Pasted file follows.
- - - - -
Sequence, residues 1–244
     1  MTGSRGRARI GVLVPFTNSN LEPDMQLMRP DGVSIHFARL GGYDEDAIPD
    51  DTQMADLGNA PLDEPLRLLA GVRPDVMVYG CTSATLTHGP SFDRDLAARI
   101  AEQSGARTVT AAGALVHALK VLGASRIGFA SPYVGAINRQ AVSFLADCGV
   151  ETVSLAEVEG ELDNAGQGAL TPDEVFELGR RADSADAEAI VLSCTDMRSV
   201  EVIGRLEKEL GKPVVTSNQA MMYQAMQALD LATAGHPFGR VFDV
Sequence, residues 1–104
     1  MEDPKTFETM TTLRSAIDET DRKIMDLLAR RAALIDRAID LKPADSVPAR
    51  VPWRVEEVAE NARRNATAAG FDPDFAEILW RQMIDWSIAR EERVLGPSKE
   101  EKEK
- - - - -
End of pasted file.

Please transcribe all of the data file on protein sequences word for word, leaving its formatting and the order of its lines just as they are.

Sequence, residues 1–244
     1  MTGSRGRARI GVLVPFTNSN LEPDMQLMRP DGVSIHFARL GGYDEDAIPD
    51  DTQMADLGNA PLDEPLRLLA GVRPDVMVYG CTSATLTHGP SFDRDLAARI
   101  AEQSGARTVT AAGALVHALK VLGASRIGFA SPYVGAINRQ AVSFLADCGV
   151  ETVSLAEVEG ELDNAGQGAL TPDEVFELGR RADSADAEAI VLSCTDMRSV
   201  EVIGRLEKEL GKPVVTSNQA MMYQAMQALD LATAGHPFGR VFDV
Sequence, residues 1–104
     1  MEDPKTFETM TTLRSAIDET DRKIMDLLAR RAALIDRAID LKPADSVPAR
    51  VPWRVEEVAE NARRNATAAG FDPDFAEILW RQMIDWSIAR EERVLGPSKE
   101  EKEK